At the meeting, Malloy’s Commissioner of Education Stefan Pryor credited the Bridgeport Education Association (BEA) and CEA with being “incredibly creative and flexible” about spawning innovation at the school.
One of those innovations was developing new teacher schedules to provide students with a longer instructional day and an extended day schedule. The extended day complements the strong academic program by offering dance, music, and art classes, as well as sports and recreation opportunities for students and families.
Curiale teacher Katie McLeod served on the committee that developed a “turnaround plan” for the school.
McLeod says, “We are all excited about the after-school enrichment programs and our new administrators. Teachers’ morale is through the roof, and student attendance is way up.”
With a new curriculum and more teacher professional development, enthusiasm about improvement is palpable at Curiale.
In Christine Nogueira’s fourth-grade class, Governor Malloy chatted with students Kwajana Gooden and Nayelis Perez.
Perez said she likes the longer days. “They are designed to help you,” Governor Malloy told the girls.
Beyond the extended day and after-school program, other elements of Curiale’s turnaround plan include the following.
- A rigorous kindergarten through grade three literacy initiative.
- Smaller class sizes.
- Leveled flexible groups for reading and math so students receive appropriate instruction.
- A new curriculum in all core subjects.
- The formation of Instructional Learning Teams to lead and facilitate schoolwide implementation of lesson studies and professional development.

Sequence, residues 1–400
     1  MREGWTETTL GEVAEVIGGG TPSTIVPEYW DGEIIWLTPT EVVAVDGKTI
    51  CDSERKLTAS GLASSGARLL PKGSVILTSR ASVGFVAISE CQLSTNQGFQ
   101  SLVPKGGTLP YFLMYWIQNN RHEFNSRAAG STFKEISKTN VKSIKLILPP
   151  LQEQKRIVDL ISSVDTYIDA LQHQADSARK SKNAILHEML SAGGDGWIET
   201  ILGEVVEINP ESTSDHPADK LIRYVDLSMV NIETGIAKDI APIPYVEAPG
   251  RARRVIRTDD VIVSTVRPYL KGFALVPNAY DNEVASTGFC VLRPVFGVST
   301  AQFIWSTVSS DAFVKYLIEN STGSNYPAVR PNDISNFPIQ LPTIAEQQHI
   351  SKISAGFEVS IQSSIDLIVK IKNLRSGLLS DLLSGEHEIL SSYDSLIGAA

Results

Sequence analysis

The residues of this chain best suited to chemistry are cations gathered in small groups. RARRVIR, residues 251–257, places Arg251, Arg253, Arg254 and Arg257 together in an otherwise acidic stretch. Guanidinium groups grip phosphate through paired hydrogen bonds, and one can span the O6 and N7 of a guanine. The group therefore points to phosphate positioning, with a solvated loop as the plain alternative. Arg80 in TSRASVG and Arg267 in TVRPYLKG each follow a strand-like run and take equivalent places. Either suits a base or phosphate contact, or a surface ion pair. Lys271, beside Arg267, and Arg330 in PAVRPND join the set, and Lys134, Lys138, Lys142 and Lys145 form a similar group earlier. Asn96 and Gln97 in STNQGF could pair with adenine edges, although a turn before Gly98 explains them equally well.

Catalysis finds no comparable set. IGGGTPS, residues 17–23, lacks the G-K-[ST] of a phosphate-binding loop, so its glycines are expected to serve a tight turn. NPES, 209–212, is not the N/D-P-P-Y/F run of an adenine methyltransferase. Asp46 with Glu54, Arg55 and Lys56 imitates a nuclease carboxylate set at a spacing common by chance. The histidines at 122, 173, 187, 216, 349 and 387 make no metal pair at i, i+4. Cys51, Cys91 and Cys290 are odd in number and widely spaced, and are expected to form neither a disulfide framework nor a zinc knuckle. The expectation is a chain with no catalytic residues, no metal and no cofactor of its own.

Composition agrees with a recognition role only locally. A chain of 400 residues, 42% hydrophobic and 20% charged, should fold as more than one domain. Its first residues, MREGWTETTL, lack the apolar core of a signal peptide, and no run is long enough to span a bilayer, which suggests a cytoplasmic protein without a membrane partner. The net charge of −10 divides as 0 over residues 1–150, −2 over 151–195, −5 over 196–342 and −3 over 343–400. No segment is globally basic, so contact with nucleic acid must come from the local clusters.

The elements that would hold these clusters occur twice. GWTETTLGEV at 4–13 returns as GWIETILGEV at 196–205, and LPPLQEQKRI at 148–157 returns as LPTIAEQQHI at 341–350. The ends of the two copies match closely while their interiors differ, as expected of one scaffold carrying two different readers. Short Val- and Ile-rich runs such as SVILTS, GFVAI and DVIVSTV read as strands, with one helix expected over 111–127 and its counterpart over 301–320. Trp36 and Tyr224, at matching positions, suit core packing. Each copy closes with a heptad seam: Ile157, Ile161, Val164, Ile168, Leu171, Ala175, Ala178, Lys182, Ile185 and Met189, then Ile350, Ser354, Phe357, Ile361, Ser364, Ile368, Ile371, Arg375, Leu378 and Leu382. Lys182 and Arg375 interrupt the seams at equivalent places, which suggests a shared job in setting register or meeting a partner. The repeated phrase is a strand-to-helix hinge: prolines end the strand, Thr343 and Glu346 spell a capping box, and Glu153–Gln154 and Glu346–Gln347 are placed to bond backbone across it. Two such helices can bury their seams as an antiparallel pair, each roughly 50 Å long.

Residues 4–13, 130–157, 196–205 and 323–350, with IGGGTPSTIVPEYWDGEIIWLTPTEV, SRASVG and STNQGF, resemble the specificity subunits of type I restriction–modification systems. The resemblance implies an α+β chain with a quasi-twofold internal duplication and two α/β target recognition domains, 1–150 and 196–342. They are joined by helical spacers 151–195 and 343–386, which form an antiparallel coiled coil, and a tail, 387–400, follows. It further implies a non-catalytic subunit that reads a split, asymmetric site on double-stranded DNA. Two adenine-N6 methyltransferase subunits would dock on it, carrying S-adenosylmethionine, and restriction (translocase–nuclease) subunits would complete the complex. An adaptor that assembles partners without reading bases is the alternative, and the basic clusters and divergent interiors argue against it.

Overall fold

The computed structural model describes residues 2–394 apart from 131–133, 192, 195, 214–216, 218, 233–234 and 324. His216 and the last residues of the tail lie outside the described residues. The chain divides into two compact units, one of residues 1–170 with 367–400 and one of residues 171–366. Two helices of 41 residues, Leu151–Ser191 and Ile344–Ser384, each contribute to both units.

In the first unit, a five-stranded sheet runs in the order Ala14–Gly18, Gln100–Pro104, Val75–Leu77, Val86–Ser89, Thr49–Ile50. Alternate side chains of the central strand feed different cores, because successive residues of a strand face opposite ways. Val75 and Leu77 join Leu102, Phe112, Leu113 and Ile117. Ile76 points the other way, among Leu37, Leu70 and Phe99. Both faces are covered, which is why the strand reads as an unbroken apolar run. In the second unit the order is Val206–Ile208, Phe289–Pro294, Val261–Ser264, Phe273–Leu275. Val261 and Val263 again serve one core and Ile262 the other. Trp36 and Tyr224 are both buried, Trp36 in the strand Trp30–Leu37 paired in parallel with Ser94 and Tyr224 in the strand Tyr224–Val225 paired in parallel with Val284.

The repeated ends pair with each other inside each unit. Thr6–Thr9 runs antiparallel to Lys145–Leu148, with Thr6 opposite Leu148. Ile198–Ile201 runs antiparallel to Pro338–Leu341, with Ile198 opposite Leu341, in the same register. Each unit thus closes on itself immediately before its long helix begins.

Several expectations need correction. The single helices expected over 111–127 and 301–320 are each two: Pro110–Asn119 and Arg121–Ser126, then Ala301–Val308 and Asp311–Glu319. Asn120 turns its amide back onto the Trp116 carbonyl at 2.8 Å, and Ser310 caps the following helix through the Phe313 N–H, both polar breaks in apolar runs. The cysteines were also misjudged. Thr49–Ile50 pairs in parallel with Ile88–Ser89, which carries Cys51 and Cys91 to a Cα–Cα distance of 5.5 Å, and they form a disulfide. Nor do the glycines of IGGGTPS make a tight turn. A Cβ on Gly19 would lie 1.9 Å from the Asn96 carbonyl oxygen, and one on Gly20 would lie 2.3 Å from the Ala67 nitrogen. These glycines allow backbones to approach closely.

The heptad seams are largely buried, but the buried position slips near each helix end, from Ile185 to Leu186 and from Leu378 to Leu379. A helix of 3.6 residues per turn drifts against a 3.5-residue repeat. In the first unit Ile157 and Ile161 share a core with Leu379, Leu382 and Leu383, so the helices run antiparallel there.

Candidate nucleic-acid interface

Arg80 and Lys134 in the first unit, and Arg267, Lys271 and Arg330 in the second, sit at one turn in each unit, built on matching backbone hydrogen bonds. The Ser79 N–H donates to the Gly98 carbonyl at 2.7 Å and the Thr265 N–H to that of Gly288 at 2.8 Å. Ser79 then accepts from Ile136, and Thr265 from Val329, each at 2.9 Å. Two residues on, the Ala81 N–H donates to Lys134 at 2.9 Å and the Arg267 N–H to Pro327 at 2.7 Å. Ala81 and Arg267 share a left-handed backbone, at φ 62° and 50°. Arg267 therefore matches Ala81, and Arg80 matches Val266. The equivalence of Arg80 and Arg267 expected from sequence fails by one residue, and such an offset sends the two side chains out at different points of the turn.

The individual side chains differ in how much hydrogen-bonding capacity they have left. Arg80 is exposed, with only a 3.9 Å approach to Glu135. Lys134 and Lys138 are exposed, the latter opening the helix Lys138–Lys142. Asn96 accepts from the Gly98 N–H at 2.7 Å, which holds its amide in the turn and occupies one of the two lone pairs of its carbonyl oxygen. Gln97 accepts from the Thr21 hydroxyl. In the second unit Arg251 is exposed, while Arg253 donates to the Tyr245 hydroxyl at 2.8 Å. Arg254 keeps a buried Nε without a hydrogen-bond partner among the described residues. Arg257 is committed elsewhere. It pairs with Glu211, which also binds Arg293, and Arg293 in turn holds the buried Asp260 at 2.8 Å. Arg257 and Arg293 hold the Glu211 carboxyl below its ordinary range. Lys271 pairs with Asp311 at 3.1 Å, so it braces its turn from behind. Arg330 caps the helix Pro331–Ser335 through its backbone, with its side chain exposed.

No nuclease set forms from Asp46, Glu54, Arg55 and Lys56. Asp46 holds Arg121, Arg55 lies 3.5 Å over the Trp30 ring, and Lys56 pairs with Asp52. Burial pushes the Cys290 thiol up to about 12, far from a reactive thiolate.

- Common planning time for teachers each week.
- A program of Schoolwide Enrichment that will identify the strengths and talents of all students and create classes and programs to develop these talents.
UConn’s Neag School of Education is working with Curiale to develop and implement the Schoolwide Enrichment Model. Neag will offer professional development to train teachers and staff to identify students’ areas of strength and develop strategies to address them and link them to students’ areas of need. Research shows this model engages students in learning and makes them eager to participate in school programs and activities.
Governor Malloy said today that an extra $4.5 million are being allocated to the Bridgeport School District this year.
At Curiale and other schools, the hope is that extra resources and hard work will have everyone talking about “substantial change, not marginal change,” according to the governor.
McLeod explained that the extra instructional time has provided enrichment opportunities enabling teachers to go back and teach fun things that excite students, such as a unit on Pioneer Days.
Jennifer Kelemen, a teacher at Madison School, and Gregory Furlong, a teacher at Bryant School, also serve on the Curiale Turnaround Committee.
BEA President Gary Peluchette said, “Along with Katie McLeod, they are exemplary educators who have shown how much teachers can and want to be part of the solution. They are dedicated to their students, their profession, and their community.”
Kelemen said she hopes Curiale can be a model for other schools because extracurricular opportunities, from sports to the arts, really motivate kids. Furlong pointed out that wraparound services for students and families are also an enormous plus.
CEA President Sheila Cohen said that collaboration that includes all education stakeholders is a key element. “We are pleased that school reform efforts are putting a focus on families and community — essential ingredients for student success,” said Cohen.
NEA President Dennis Van Roekel heard encouraging reports from teachers, parents and principals during a visit yesterday to two Bridgeport CommPACT schools. The new school reform experiment in Connecticut’s neediest cities may be the best hope for solving some of the vexing problems of America’s urban schools.
CommPACT, headed by the University of Connecticut’s Neag School of Education, gives individual schools a significant degree of authority to transform themselves from within – a radical shift from the traditional top-down organization of most school systems.
Below are photos of the visit.